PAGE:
In my off hours over the past few years I had met Judith Grace Sampieri, who was a wonderful young secretary at Shell. We were married on May 4 of 1968. Soon thereafter, even the industrial deferment was lost, and we decided that I might as well reapply for graduate school. Since Judy’s family lived in New Jersey, I decided to apply to Princeton University, and was accepted. In the late fall of 1968 I was reclassified 1A for the draft and reported to the processing center in Newark for my physical. At the end of the day I ended up in the group who had passed. We were told to put our affairs in order since we would soon be called up. However, in a great stroke of luck, within a week, my wife told me she was pregnant, and within just a few more weeks my draft board reclassified me to some status I do not remember, save that it meant I would not be drafted. On June 9, 1969 Judy and I were blessed with the birth of a beautiful child, Chad Richard. Later that summer, I held him in my lap as Neil Armstrong first stepped out onto the Moon.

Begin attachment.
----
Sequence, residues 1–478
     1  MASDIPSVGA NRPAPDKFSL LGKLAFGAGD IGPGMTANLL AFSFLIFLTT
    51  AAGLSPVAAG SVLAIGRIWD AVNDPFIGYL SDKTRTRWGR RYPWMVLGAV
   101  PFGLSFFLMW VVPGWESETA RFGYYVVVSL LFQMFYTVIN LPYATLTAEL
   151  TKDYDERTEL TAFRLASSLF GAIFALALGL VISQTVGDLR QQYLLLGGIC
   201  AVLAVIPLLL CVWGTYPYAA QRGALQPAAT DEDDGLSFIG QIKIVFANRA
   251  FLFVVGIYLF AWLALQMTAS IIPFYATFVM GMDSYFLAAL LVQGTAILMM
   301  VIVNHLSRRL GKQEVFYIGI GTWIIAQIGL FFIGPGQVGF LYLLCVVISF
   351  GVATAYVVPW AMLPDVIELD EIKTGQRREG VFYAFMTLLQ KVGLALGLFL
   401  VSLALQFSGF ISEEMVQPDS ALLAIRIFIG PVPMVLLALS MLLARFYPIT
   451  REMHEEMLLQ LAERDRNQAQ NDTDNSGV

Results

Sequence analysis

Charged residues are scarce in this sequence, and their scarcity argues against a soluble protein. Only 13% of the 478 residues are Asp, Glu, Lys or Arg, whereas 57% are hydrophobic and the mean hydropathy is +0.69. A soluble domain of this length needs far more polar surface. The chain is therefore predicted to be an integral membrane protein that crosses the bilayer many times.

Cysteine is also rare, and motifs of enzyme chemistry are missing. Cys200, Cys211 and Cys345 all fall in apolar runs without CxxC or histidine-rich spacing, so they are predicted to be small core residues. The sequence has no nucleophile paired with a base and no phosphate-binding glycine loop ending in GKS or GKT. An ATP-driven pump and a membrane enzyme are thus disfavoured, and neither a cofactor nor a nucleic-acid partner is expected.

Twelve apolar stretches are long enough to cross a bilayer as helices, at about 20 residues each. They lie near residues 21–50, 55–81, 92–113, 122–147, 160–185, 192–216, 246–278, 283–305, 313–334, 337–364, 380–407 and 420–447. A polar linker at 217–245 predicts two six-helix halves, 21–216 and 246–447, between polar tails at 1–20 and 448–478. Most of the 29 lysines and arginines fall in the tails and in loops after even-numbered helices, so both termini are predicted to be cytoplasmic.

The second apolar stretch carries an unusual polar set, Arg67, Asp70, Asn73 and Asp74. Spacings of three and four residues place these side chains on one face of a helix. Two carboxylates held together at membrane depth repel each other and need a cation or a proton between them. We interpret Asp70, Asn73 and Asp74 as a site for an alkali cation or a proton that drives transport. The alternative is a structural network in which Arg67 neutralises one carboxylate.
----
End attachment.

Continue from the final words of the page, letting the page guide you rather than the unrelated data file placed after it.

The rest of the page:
In the fall of 1969 I moved my new family up to Princeton to begin studies and research for the Ph.D. in the Department of Chemistry. I was lucky enough to be in the first group of graduate students to work with Elliot R. Bernstein who was just starting as an Assistant Professor at Princeton, after having spent a few years postdoctoral work at the University of Chicago with Clyde A. Hutchison III, following doctoral training with G. Wilse Robinson at CalTech. Elliot’s research at the time involved detailed optical and microwave spectral probes of pure and mixed molecular single crystals cooled in liquid helium. I knew nothing about it at the time I joined the group. I was certain that it was going to be both experimentally and theoretically complex and challenging, but it seemed likely to be worth the effort. My research project was the detailed study of 1,3,5-triazine, a heterocyclic benzene analog that we expected would provide a poignant testing ground for theories of the Jahn Teller effect. In the end we found that the crystal field surrounding each molecule was insufficiently symmetrical to provide the tests we originally sought, but much was learned. Most importantly from my standpoint, I learned from Elliot Bernstein a penetrating, intense style of research that I had never known before, and I learned a great deal about the chemical physics of condensed phase and molecular systems.